If you have been in the pro-life movement for very long, you have certainly heard arguments supporting the theory of moral relativism.
The proponents for abortion, euthanasia, or any other aspect of the Culture of Death rely on this philosophy as their rationalization.
But how do you respond? Are you equipped to dialogue on this topic?
Even if you think you are, I think you will still gain some great insights in this three-part series, which starts with this post. We will contrast the theory of moral relativism to the Theory of Natural Law.
In this post we will explore whether the theory of moral relativism has any viability, since the Culture of Death relies on it so heavily.
In the second post we will show how exactly moral relativism relies on Natural Law to subsist. We will turn to author, C.S. Lewis for help.
And in the third and final post we will explore how moral relativists lord others, the very people they claim to be setting free. Pope Saint John Paul the Great will offer us assistance there.
Let us begin with part one.
THE THEORY OF MORAL RELATIVISM DEPENDS ON THE NATURAL LAW TO EXIST
The above subtitle seems like a contradiction, does it not?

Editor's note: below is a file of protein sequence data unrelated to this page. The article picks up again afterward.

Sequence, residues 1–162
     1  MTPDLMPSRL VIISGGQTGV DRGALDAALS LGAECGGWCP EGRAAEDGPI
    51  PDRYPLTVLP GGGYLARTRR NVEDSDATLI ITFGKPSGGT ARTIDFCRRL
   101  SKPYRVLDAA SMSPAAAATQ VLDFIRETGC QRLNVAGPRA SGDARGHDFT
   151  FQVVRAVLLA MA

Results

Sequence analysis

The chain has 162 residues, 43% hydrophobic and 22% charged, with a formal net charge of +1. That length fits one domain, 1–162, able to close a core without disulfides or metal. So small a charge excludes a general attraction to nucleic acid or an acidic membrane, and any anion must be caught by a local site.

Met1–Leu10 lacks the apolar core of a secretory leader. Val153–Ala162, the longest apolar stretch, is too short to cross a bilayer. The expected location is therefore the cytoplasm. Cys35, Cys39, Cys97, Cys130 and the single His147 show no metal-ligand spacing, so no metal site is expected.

After all, Natural Law says there are moral truths binding on all humans by decree or by virtue of their sharing in the single human nature. These are universal and irrevocable.
Thus, men owe each other recognition of individual rights, as they are inherent in each individual human being. Also, absolute truth does exist and can be known.
Whereas, moral relativism says that morality is relative, by definition. The theory of moral relativism teaches people can define for themselves their own ethics, as there are no absolute truths. Every man is an island unto himself. No one can tell another what to do.
It sounds like a decent proposition, but it has a fatal flaw that must be exposed.
THE FATAL FLAW OF THE THEORY OF MORAL RELATIVISM
To say, “There is no absolute truth” is self-contradictory.
Moral relativism relies on an absolute truth in its declaration there is no absolute truth. In other words, the theory of moral relativism says something absolutely does not exist. But to make an absolute statement admits an absolute truth. It falls on its face.
THE CULTURE OF DEATH RESIDES ATOP THIS HOUSE OF CARDS
Contraception use. Abortion. Homosexuality. Euthanasia. Embryonic stem cell research. In vitro fertilization. And on and on, the list goes.
All these components of the Culture of Death take their roots in the theory of moral relativism. This will be discussed further in the next two posts.
Until we can recognize such errors in reasoning and expose them, we’ll continue to be cooked alive like the proverbial frog in the warming pot of water.
Look for my subsequent post to discuss how the theory of moral relativism causes its proponents to contradict themselves further. They use the Natural Law to lord over others, the very people they claim to be setting free.
What’s your take on the theory of moral relativism?
Do you have another simple argument to show why it fails?
Please share your thoughts below.